Peer-to-peer (P2P) lending is the debt-based subset of crowdfunding, which is an open call through the Internet for the provision of financial resources by multiple investors to fund products, projects and business ventures. P2P lending success is the result of technological advances creating the efficient transfer of funds between capital-seekers and capital providers. Prior to 2015, the leading sites like Prosper and Lending Club allowed borrowers to voluntarily provide personal information such as marital status, number of children and photos, and respond to peer lenders' comments. The literature has found that these unstructured soft facts help to establish trust and positively influence the likelihood of funding, interest rates and loan defaults.
Recently, in pursuit of fair pricing and openness, dramatic changes occurred in January 2015 to remove such soft information across the leading P2P lending platforms. Questions related to the impact of removing soft information need to be answered. Currently, P2P lending research under the new disclosure policies and fixed rate structure has not been published. A comparison study of funding probability, time and amount, default probability, and investor returns on P2P lending platforms is needed to close this gap in the field. This study has significant practical implications too. As millions of borrowers, mainly startup business owners, seek funding opportunities and more number of individual investors seek financial returns from P2P lending sites, our study will present deeper understanding of the determinants of funding amount and time, and eventual loan defaults. Borrowers and lenders will benefit from our study results as well as policy makers like the U.S. Securities and Exchange Commission and Small Business Administration.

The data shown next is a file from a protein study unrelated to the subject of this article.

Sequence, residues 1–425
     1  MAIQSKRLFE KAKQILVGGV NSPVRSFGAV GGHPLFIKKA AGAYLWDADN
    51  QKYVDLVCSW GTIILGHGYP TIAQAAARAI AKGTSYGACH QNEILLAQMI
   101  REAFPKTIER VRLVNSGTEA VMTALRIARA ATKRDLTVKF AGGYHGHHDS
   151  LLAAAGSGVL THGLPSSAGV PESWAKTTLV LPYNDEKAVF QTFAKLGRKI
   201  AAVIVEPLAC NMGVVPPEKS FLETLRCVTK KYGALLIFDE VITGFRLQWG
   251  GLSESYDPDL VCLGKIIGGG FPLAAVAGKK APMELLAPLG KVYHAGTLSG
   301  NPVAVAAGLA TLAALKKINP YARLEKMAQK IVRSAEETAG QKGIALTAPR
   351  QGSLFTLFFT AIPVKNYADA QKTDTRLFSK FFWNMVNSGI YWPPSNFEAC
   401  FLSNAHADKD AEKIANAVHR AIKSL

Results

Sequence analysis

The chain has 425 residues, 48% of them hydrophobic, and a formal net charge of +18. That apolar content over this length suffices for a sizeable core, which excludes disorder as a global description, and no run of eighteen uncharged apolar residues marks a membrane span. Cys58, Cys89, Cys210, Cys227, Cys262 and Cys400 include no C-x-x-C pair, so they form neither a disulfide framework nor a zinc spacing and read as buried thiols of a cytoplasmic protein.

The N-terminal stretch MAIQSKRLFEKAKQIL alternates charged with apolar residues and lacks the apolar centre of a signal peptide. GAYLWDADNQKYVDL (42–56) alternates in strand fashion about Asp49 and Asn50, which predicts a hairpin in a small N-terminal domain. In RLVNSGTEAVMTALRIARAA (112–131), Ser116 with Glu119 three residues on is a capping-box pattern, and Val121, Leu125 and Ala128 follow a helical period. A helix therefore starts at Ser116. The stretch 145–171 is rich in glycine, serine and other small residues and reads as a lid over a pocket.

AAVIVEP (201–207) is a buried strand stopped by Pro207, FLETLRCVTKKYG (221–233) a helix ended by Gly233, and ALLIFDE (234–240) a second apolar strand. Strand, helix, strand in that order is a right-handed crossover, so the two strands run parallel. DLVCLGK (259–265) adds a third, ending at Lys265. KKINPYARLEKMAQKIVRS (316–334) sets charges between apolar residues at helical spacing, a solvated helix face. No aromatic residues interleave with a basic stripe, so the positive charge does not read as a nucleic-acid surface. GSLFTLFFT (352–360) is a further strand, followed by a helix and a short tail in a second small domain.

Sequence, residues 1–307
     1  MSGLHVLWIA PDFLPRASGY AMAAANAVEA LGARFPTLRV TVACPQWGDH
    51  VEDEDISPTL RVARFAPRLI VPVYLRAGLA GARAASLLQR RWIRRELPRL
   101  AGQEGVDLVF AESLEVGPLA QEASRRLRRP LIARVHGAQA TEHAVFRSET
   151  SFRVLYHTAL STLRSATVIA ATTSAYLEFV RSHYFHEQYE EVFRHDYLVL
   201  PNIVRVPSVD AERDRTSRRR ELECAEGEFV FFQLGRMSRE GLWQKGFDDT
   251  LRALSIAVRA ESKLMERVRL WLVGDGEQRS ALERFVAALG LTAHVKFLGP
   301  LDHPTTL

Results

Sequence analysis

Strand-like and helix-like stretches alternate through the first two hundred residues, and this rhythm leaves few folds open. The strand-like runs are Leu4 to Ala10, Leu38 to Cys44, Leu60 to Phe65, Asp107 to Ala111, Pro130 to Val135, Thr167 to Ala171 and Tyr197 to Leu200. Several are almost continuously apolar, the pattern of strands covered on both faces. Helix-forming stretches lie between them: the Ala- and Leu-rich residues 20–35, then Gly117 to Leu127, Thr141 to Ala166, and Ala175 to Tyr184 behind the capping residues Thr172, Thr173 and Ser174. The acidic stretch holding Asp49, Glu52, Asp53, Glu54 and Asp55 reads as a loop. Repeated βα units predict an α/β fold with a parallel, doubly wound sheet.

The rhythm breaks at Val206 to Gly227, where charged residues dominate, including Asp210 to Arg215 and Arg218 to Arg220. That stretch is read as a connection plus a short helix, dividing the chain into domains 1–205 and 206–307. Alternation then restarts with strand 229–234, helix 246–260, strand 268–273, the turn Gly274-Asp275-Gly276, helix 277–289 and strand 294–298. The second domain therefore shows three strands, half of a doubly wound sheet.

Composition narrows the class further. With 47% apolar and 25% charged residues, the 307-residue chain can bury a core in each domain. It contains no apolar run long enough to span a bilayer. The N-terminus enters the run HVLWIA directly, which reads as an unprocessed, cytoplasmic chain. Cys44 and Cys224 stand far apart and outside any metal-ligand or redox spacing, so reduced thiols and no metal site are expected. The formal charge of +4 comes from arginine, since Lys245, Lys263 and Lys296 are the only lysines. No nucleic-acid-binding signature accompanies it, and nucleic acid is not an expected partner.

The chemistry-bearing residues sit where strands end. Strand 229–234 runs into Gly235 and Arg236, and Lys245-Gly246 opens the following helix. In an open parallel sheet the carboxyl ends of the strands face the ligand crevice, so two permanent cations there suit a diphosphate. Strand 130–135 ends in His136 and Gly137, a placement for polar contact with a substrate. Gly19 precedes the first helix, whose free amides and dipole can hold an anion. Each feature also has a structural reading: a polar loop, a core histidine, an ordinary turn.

Our research is data intensive. For our research questions, we plan to collect the following data for all loans from Prosper and Lending Club: Funded loan amounts, loan description launch date and time, funding conclusion time, number of lenders, loan expiration date, borrower credit scores, loan default, etc. Monthly measures of Consumer Sentiment Index will be collected from the University of Michigan. We will spend significant time to collect borrower identity information from millions of loan description pages, using big data algorithms and numerous iterations. After analyzing descriptive statistics and correlations of the sample variables, we plan to perform parametric and non-parametric tests of mean difference, comparing the periods before and after the policy change. Then we will use generalized maximum likelihood regressions for the research questions related to funding amount and funding time. For default-related hypotheses, we plan to use binary logistic regressions. Additional robustness tests are expected.